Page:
Unsurprisingly, criticism for the strike was as swift as it was absurd. Right-wing sports commentor Clay Travis claimed it was another example of the “get woke go broke” NBA — though the connection between marginally lower ratings and political activism is specious at best. Bots took to Twitter in force as numerous accounts used the exact same language to announce their departure from NBA fandom. Never one to ignore a good controversy, President Trump got in on the action, claiming that the infusion of politics into sports would “destroy basketball.

But what the hell is political about any of this?

It would be political if Lebron James showed up to a Zoom press conference wearing a “No Malarkey” campaign hat. It would be political if Trevor Bauer wrote #MAGA2020 on the mound before every start. It would be political if Joe Maddon waxed poetic for thirty minutes about the minutiae of the United States tax code instead of talking about the deplorable state of his franchise.

Politics is about the partisan vitriol that often overrides desires and efforts for real legislative change in this country. And that’s not what the players are doing here. They’re not writhing in the mud with Donald Trump, nor campaigning for Joe Biden. No, what they’re doing is so much more important.

This isn’t politics. This is humanity.

This is a cry to value Black lives and treat them as equal, valuable, and worthy of respect. This is a demand to stop the violence — to stop the senseless, repressive killing of Black men and women, and to stop the violence and looting that has gripped a small minority of the protests. This is a plea to be seen as more than athletes, and rolemodels, for all of us to see past the logo and the uniform and the fantasy points to see the human underneath.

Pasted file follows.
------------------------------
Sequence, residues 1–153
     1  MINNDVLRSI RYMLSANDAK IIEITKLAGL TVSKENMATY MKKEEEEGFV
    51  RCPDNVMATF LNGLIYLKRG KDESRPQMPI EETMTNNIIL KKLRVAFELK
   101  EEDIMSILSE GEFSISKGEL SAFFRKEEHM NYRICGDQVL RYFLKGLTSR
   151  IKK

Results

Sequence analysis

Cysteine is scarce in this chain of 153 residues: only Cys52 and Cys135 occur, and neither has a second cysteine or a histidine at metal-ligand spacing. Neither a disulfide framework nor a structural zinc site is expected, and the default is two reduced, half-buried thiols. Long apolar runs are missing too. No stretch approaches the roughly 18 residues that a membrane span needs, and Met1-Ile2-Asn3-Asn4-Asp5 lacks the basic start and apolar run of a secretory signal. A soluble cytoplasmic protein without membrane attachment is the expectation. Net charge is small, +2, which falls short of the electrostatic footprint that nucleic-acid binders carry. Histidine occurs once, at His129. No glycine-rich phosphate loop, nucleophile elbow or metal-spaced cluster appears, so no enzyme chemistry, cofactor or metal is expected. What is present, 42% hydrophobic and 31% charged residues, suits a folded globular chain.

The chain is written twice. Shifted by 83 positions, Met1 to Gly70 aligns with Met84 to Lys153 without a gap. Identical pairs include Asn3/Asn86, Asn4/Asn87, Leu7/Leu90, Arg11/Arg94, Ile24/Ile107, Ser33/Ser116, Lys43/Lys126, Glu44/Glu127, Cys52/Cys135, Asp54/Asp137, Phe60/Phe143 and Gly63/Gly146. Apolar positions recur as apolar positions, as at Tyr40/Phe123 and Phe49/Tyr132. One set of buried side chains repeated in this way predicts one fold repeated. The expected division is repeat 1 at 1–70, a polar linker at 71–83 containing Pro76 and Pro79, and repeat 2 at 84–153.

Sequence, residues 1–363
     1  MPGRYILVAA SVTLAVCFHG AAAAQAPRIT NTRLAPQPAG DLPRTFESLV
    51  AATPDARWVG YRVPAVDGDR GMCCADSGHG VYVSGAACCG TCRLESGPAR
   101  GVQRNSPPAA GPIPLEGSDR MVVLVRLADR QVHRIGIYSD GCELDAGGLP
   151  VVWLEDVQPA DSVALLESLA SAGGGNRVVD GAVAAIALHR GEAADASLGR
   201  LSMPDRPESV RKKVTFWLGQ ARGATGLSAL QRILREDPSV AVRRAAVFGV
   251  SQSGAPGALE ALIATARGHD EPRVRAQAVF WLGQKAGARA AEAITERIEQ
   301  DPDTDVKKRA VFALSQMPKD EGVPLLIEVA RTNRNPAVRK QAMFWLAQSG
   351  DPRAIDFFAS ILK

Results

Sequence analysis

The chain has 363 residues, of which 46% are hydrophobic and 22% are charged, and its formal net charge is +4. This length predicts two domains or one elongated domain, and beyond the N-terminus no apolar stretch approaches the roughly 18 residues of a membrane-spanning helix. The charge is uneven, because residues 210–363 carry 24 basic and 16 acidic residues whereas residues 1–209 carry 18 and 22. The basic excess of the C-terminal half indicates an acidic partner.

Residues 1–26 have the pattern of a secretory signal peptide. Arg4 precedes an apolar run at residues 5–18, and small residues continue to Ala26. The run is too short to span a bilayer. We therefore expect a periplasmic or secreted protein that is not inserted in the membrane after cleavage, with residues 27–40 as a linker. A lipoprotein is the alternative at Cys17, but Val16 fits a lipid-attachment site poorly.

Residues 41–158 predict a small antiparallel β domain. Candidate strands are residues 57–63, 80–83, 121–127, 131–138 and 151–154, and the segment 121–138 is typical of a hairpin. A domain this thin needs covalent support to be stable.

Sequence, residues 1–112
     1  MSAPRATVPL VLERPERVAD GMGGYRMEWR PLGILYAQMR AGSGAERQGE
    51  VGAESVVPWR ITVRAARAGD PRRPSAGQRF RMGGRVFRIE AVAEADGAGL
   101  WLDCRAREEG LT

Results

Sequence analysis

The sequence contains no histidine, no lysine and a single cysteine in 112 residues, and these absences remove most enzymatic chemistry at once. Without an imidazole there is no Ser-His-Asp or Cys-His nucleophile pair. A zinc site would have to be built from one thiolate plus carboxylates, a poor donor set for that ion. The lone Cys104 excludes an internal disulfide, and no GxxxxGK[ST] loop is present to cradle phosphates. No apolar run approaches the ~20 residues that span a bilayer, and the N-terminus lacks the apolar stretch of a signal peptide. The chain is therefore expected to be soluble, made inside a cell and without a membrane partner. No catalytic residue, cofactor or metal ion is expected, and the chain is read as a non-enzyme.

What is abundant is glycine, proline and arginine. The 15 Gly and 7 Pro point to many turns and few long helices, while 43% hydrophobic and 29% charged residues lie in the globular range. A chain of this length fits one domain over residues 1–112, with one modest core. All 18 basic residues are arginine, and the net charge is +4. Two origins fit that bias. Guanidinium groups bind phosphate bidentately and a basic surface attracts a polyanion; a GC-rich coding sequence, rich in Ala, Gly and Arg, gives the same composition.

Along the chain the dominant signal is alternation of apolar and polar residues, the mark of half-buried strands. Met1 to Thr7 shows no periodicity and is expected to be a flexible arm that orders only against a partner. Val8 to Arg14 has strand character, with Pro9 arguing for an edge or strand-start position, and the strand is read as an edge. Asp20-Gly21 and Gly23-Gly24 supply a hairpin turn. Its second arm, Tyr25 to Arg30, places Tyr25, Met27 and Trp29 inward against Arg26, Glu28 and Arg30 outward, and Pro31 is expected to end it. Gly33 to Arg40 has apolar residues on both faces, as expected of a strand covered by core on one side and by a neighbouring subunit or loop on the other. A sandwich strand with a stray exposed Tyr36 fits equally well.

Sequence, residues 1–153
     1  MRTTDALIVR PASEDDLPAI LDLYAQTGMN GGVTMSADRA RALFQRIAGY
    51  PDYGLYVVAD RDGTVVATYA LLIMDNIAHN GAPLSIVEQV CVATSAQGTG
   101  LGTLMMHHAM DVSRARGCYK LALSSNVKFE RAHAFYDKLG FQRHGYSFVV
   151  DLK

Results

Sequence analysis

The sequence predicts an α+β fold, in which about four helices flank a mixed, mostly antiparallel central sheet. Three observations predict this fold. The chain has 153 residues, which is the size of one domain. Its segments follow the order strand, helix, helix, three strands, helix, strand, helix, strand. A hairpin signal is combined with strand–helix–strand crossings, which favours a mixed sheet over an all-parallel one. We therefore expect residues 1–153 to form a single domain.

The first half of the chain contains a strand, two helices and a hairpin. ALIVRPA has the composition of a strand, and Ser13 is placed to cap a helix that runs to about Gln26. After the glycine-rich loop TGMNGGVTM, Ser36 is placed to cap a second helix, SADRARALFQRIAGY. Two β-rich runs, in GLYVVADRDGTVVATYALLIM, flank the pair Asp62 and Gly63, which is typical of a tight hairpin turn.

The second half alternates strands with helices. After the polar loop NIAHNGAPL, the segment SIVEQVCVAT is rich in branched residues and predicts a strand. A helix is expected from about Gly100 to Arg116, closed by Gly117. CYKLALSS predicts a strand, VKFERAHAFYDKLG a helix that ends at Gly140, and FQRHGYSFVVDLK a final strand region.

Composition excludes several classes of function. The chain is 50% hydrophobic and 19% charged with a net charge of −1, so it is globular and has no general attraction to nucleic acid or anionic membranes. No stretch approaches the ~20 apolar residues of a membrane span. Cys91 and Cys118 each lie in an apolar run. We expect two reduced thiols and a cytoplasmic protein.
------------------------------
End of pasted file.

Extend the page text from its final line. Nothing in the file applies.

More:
You don’t have to agree with the agenda of the Black Lives Matter organization. You don’t have to agree to Defund the Police — perhaps you support the idea that increased training programs will improve our police forces, or perhaps you’re even more radical and want to launch a campaign to abolish the Second Amendment. These are all political questions, all debates to be had over policy and legislative directives.

But the very fact that Black lives matter, the simple God-given value of their human life — that is not political, nor is it fair game for some partisan vanity competition.

I hear you. You hate politics. You hate the insincerity, the bluster about grandiose values without any consideration of the trials and tribulations of everyday Americans who are hurting, God they are hurting. And sports, sweet blissful sports, are your escape. You lean back in your favorite leather recliner, cold beer cradled in your calloused hands as the poetry of physical motion taking place on your screen eases the existential dread that has made 2020 so oppressive. And when the players go on strike over something like this, you can’t help but feel that your peaceful oasis of sports has been seized by the hateful rhetoric of politics.

But step back for a moment. Remember that sports are a part of our society. Sean Doolittle even called them “the reward for a functioning society.” The problems of our society indelibly affect the sporting world. When 9/11 happened, the sports world became a beacon of hope, an affirming sanctuary of normalcy in a world turned upside down by terror. When natural disasters happen, sports are there to rally us, to unite communities in the face of unbelievable anguish.

Why, when our society faces a long-overdue reckoning on racial justice and systematic discrimination, would sports not be there to help us confront our original sins?

Maybe you’re still opposed to this idea. Maybe you sit back and demand that the athletes play, and score, and dance, all for your entertainment. Maybe you refuse to allow any discussion outside of X’s and O’s into your personal sports bubble — but sure, let’s keep the National Anthem, that great pump-up banger that gets athletes ready to perform at the highest levels of their abilities. That’s an essential component of sports.

Or maybe, just maybe, you can’t see the athletes for what they are. For all their incredible accomplishments, those transcendent moments where they take flight, defy the odds, and display seemingly supernatural gifts of athleticism, they are as human as you and me. They feel the pain in our society, and they feel an obligation to use their platform to enact a positive change in the world.